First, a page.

So you know: Most food places accept cash only. So stock up on your cash! It’ll be difficult to find places that accept visa. Those that do tend to be fast food chains, or areas aimed at tourists. But if you want to eat like a local, you gotta carry cash like a local.

If you’re strapped for cash or eating on a budget, there are many options that will allow you to get a filling meal for the $5-$10 range that aren’t just fast food burgers. The holy grail for this are the Konbini aka convenience store. Bonus- Konbinis accept visa! They offer hot and cold meals for cheap, and they will even offer to heat up some of the meals for you so that it’s hot for your consumption. We saw a wide selection- think onigiri, sushi, donburi (meat dishes on rice), spaghetti dishes etc. for super low prices.

Outside of the konbini, there are Japanese fast food chains (ie: Tendon Tenya, known for Tempura dishes or Yoshinoya known for Japanese set dishes) that will also offer filling meals for $5-$10 range. (Note that they all refer to their combos as “sets” so when you order, don’t ask for a combo, ask for the set).

If you’re lucky and you hunt around enough, you can also find little hidden gems and cafes that offer homemade meals for cheap. While we stayed in Taito (in Tokyo), we found a cute café that offered delicious western set breakfast for $5 and a delicious Japanese set breakfast for $5, that was a filling breakfast for two for $10!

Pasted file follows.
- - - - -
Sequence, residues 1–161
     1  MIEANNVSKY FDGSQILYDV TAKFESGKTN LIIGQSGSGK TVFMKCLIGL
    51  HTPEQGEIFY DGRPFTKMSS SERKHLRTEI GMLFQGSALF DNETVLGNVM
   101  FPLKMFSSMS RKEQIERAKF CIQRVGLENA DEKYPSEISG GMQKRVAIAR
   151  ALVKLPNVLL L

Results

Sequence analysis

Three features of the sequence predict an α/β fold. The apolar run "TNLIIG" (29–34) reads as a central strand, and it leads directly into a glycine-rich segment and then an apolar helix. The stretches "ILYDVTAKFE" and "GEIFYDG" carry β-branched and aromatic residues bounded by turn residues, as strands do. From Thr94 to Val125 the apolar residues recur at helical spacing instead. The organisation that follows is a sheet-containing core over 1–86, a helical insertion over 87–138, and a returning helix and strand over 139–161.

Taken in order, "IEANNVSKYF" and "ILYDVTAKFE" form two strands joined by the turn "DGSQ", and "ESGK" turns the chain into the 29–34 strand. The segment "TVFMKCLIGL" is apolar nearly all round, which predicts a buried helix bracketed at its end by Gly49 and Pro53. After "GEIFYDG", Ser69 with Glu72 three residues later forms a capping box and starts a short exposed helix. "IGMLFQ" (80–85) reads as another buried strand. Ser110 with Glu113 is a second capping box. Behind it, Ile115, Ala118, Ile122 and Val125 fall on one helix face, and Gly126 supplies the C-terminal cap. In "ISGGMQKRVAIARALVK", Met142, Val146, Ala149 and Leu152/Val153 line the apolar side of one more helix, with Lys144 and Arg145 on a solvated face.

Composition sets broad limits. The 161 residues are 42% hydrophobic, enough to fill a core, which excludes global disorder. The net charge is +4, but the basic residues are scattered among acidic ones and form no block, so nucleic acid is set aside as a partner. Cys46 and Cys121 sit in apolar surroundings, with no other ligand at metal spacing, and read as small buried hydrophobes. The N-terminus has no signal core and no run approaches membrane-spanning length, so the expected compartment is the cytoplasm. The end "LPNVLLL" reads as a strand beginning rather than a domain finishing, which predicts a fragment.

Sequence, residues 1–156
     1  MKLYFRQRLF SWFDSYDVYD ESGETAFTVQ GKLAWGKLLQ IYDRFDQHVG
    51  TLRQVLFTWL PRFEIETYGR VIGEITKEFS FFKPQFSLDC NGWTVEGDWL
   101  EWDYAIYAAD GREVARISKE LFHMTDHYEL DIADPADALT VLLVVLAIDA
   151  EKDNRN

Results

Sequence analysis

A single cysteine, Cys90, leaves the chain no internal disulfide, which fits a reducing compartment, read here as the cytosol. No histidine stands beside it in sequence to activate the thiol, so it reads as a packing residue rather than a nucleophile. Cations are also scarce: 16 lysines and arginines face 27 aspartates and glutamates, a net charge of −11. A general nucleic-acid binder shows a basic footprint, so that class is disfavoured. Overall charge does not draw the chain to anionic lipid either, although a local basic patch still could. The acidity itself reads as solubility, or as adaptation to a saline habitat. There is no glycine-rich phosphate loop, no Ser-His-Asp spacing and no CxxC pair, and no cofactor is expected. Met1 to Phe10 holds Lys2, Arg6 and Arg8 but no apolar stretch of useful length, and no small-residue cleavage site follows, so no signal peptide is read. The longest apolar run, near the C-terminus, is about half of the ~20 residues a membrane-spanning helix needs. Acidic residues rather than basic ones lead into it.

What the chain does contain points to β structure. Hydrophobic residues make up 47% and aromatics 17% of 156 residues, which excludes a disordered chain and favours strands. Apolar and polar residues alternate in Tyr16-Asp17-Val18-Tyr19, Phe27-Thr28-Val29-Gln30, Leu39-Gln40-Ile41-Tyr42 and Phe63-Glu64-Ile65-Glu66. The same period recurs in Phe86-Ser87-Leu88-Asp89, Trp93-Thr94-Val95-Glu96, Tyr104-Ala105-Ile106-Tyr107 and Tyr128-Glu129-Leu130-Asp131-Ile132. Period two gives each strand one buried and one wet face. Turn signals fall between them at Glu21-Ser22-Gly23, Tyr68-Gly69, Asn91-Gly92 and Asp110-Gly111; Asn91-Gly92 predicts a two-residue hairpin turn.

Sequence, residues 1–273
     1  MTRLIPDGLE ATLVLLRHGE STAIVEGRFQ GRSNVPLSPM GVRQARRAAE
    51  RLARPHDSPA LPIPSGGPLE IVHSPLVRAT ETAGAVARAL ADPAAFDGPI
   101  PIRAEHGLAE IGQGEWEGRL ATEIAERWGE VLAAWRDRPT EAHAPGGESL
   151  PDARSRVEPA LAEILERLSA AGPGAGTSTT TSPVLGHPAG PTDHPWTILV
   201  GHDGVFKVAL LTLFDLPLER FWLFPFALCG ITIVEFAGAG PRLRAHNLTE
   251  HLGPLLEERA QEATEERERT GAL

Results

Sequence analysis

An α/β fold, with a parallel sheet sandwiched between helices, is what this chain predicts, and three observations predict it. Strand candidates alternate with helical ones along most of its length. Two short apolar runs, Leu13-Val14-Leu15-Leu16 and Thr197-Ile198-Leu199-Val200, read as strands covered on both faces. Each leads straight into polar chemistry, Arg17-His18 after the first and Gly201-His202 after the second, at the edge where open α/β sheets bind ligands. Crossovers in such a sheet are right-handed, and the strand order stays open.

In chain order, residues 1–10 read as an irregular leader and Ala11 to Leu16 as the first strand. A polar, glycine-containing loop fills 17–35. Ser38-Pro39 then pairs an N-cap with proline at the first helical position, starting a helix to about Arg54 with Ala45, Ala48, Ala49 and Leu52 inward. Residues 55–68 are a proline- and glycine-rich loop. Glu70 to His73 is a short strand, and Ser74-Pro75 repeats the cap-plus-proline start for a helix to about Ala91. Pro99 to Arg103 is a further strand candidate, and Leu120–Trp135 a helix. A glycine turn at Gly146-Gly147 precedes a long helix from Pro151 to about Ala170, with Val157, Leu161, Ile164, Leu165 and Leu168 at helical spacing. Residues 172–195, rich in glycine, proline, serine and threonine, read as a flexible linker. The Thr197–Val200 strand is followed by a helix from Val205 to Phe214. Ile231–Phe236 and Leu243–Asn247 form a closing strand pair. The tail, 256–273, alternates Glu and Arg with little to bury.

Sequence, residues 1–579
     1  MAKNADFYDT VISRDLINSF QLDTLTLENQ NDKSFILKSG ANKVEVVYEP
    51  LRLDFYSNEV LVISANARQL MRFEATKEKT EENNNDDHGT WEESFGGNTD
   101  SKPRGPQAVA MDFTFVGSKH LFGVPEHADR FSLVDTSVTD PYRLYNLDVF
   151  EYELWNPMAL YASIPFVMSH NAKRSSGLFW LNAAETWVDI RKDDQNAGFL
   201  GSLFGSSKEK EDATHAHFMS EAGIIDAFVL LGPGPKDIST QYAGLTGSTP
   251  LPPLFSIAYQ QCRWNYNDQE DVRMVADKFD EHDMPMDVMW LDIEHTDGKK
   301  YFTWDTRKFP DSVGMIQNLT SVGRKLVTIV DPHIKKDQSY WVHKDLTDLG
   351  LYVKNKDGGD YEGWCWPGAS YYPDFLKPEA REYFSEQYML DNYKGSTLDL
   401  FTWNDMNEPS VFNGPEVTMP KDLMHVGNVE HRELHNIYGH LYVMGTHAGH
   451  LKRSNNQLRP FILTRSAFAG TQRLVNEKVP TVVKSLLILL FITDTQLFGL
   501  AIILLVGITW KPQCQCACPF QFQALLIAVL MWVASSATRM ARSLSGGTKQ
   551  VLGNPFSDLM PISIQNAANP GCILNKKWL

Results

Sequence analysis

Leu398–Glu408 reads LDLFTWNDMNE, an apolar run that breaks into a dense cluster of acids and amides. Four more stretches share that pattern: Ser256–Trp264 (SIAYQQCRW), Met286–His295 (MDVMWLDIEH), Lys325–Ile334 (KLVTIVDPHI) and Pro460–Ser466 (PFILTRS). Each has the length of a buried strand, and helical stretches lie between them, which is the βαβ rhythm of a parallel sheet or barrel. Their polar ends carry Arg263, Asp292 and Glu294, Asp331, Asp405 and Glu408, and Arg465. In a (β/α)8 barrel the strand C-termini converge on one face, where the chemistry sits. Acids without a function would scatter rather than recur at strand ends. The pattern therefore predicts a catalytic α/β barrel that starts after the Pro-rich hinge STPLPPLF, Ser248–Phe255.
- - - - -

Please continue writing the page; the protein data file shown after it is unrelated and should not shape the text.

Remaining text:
Unless you’re actively seeking out a curated meal event (ie: sushi omakase), even some of the more touristy food areas (ie: food courts or near tourist areas) have reasonably priced meals. This particular place, offered this $12 dish that was heaping, and came with self serve soup and rice.

Japanese Dish

And even the shinkansen station at Osaka had a food court, with a delicious omurice for roughly $10

Japanese Omurice

I’m not sure who said Tokyo was an expensive city. Considering the wide array of delicious cheap meals that are available, it is not too difficult to manage your budget.



Try it yourself. The next time you find yourself on the verge of culture shock as you travel, think about the things that feel familiar. That can help you figure your way through new situations. And the foreign differences can be an exciting change. After all change in scenery is one of the main reasons for travel!


One Comment Add yours

  1. quicedigba says:

    The experience was simply stated which made it easier for me to follow